To keep operating from Asian bases the persistent Dönitz had to unsnarl supply line kinks and balance pressure from Berlin and Tokyo to maintain the trade exchange, as well as endure punitive attrition. Of 16 U-boats to reach Penang or Batavia between 1943 and 1944, eight went on war patrol; four were lost. Two of the four surviving boats, along with the others already docked, were emptied and reloaded with tin, rubber, tungsten, quinine, and opium for the 90-day return trip and its perilous surface refuelings. Five boats made it to France past Allied sub-hunters along the route and even near Penang. Two Royal Navy sub flotillas based 1,300 miles away at Ceylon (now Sri Lanka) ranged at will, so unnerving U-boat skippers that on the final approach to George Town they habitually mustered most crewmen on deck wearing lifebelts, convinced a torpedo or mine would strike.

 

BY NOVEMBER 1944, JAPAN HAD CEASED offensive operations in the Indian Ocean. Many in the Kriegsmarine saw no point in continuing there, but Dönitz saw no choice: Hitler kept pushing the program, lobbied heavily by Ambassador Hiroshi Oshima and other Japanese higher-ups. Dönitz added cargo hauling to the U-boat mission, though a fighting sub could carry but a fraction of a surface freighter’s cargo and to accomplish even that had to be dismantled and reassembled in dry dock. Compounding the lunacy, Dönitz insisted that these heavily laden vessels hunt en route, inviting Allied attack.

In late 1944 Dönitz ordered an ambitious four-boat strike into Australian and New Zealand shipping routes, 5,000 miles from Batavia. To keep Japanese crews from attacking subs they might not recognize, the Germans informed the Imperial Navy. Regional commanders got word, encoded with ciphers the American military had cracked. On October 4 a Dutch sub ambushed U-168, on November 10 three American subs stalked and sank U-537, and unknown causes claimed U-196.

Only U-862, skippered by Commander Heinrich Timm, reached its hunting ground. Timm chased and lost a Greek freighter, and eight days later got a Liberty ship in his crosshairs. The SS Robert J. Walker fought back hard—its deck gunners detonated an incoming torpedo—but three fish hit, putting the Walker into the books as the only vessel sunk by a U-boat in the Pacific. Timm patrolled without further result until he received a recall order on January 17, 1945. En route back to Batavia he torpedoed the Liberty ship SS Peter Sylvester, whose February 6 demise marked the final sinking in the Indian Ocean of an Allied transport by the Axis.

By now B-29 crews based at Kharangpur, India, were bombing Penang. German subs shifted their base of operations to Batavia. Despite poor returns and immense and growing operational woes, trade continued between Germany and Japan, maintained by the increasingly desperate Japanese and the prideful Dönitz, who waited until April 15, 1945, to tell Japan’s senior military representative that further exchanges would be “a waste of time.” That day, a last U-boat departed Norway for the Far East with two Japanese aboard; when Germany surrendered on May 8, the U-234 was off Saint John’s, Newfoundland. Its crew surrendered there to the USS Sutton; the Japanese passengers killed themselves. Across Asia, the Japanese politely seized U-boats, absorbing them into the Imperial Navy but not deploying them, and interned their crews, often at Batavia where stores from the captured refrigerated steamer SS Nanking allowed the boatless submariners to live in modest comfort.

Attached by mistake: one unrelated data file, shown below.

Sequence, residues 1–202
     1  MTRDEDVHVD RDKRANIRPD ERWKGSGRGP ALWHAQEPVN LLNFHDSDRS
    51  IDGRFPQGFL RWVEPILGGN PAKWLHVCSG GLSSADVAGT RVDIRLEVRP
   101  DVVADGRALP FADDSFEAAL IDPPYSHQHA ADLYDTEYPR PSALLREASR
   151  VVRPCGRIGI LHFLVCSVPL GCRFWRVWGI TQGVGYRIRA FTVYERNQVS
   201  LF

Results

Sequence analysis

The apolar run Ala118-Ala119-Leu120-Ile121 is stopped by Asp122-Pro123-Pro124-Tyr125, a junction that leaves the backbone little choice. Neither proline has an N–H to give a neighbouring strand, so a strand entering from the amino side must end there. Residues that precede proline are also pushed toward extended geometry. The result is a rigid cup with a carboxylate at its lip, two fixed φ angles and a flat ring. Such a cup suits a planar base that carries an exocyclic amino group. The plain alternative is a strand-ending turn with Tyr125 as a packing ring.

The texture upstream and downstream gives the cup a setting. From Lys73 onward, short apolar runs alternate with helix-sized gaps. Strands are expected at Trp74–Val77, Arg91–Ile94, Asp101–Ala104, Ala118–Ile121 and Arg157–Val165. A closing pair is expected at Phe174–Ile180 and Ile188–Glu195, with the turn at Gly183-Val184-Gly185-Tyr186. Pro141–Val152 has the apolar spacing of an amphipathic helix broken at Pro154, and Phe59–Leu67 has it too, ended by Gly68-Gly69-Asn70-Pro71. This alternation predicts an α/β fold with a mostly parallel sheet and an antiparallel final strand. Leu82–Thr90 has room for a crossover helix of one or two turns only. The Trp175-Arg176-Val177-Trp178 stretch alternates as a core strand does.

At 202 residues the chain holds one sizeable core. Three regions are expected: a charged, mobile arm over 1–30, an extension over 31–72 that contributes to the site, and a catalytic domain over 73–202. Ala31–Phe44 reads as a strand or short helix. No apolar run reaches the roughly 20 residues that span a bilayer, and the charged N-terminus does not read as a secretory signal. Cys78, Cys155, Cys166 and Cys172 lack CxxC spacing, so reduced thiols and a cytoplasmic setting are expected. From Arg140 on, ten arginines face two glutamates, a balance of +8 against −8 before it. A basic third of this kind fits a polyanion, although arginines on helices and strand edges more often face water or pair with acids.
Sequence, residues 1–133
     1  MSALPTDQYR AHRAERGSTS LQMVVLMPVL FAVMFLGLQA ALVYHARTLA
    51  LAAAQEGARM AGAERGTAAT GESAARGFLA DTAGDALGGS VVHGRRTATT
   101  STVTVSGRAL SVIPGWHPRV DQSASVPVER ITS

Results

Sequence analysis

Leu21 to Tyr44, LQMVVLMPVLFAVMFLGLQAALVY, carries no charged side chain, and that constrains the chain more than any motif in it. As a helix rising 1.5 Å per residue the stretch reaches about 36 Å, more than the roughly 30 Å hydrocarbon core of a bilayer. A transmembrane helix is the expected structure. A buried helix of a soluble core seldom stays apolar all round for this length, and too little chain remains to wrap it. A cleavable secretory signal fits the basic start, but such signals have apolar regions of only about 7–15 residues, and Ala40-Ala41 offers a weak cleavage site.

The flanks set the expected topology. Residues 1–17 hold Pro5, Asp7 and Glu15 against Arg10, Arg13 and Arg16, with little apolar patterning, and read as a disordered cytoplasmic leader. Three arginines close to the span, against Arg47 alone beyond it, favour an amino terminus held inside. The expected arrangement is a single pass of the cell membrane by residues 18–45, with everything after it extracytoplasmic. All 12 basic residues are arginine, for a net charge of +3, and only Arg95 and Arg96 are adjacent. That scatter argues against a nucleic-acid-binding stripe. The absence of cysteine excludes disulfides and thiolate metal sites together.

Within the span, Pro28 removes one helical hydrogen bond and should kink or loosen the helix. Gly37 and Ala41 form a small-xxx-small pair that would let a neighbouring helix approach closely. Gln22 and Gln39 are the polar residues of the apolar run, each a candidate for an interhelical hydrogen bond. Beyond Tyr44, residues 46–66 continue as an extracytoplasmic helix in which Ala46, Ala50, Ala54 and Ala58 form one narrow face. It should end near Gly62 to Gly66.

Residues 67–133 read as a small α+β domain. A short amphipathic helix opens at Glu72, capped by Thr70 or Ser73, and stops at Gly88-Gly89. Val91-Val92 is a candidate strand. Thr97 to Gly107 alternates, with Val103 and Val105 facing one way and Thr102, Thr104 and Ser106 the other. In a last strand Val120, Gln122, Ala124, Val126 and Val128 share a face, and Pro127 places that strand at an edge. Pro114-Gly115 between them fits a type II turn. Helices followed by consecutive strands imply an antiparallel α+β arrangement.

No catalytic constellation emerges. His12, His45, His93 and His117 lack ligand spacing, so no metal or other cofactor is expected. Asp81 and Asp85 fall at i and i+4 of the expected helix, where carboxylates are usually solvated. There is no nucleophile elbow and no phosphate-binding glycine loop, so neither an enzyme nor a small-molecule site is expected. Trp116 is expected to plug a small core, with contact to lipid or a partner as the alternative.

KARL DÖNITZ MAY HAVE BELIEVED his Indian Ocean adventure would tax the enemy and wound the Allies’ soft underbelly, but patrols there accomplished little and cost dearly. Dönitz sent 41 U-boats to join Gruppe Monsun: 22 were sunk en route, and another 9 were lost on patrol—31 U-boats sacrificed to sink 377,400 tons of Allied shipping.

The Japanese clearly came out ahead in the commodity trades. Experts and expertise from the Reich jump-started work on Japanese editions of the jet-propelled Me 262 and rocketpowered Me 163 fighters and other weapons such as integrated antiaircraft systems, while Germany got no more than 700 tons of raw materials—a fraction of the amount needed.

Through the treacherous voyages and patrols, discipline and esprit de corps kept U-boat mariners going. Assigned by his masters in Germany to refuel Japanese outposts, Captain Fritz Schneewind of U-183 agreed to fill his ballast tanks with oil at Batavia, making crash dives impossible. Schneewind could only run on the surface. To avoid friendly fire from Japanese units, he made sure his boat displayed clear Imperial markings. As always, Schneewind communicated in code—which Allied wizards read like a book. U-183 was two days into its mission when a torpedo from the USS Besugo killed Schneewind, his ship, and all of his crew except Obersteuermann Wisniewski.

German submariners operating in the East enjoyed idyllic interludes amid horrific times, but the supplies Japan provided were never enough to sustain the Nazi war machine, and the weapons and materiel Germany delivered were too few to make a difference for Japan. The sailors who died gave their lives for a policy born in the first rushes of victory, maintained for political rather than military reasons, and continued to the grim end out of desperation and hubris.

 

Originally published in the August 2013 issue of World War II. To subscribe, click here.